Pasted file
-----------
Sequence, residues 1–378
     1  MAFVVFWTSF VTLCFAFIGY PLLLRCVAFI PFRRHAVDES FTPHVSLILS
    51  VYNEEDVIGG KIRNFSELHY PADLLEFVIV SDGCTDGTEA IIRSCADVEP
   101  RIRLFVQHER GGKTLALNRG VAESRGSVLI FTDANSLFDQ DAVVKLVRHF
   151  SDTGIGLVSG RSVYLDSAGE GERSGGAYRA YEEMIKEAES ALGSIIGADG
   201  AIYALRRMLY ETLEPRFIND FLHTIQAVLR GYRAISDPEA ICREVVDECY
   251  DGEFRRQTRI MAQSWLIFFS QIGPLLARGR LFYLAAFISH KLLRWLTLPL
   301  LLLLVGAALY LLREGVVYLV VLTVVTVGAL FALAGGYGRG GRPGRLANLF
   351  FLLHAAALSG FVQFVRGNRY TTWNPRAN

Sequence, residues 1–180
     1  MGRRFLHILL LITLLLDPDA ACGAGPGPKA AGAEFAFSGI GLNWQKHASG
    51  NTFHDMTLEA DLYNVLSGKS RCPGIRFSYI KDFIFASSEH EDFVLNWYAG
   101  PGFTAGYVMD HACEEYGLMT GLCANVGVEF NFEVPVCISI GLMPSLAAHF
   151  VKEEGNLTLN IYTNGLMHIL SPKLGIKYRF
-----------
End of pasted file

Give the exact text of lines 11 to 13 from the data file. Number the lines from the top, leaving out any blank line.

     1  MGRRFLHILL LITLLLDPDA ACGAGPGPKA AGAEFAFSGI GLNWQKHASG
    51  NTFHDMTLEA DLYNVLSGKS RCPGIRFSYI KDFIFASSEH EDFVLNWYAG
   101  PGFTAGYVMD HACEEYGLMT GLCANVGVEF NFEVPVCISI GLMPSLAAHF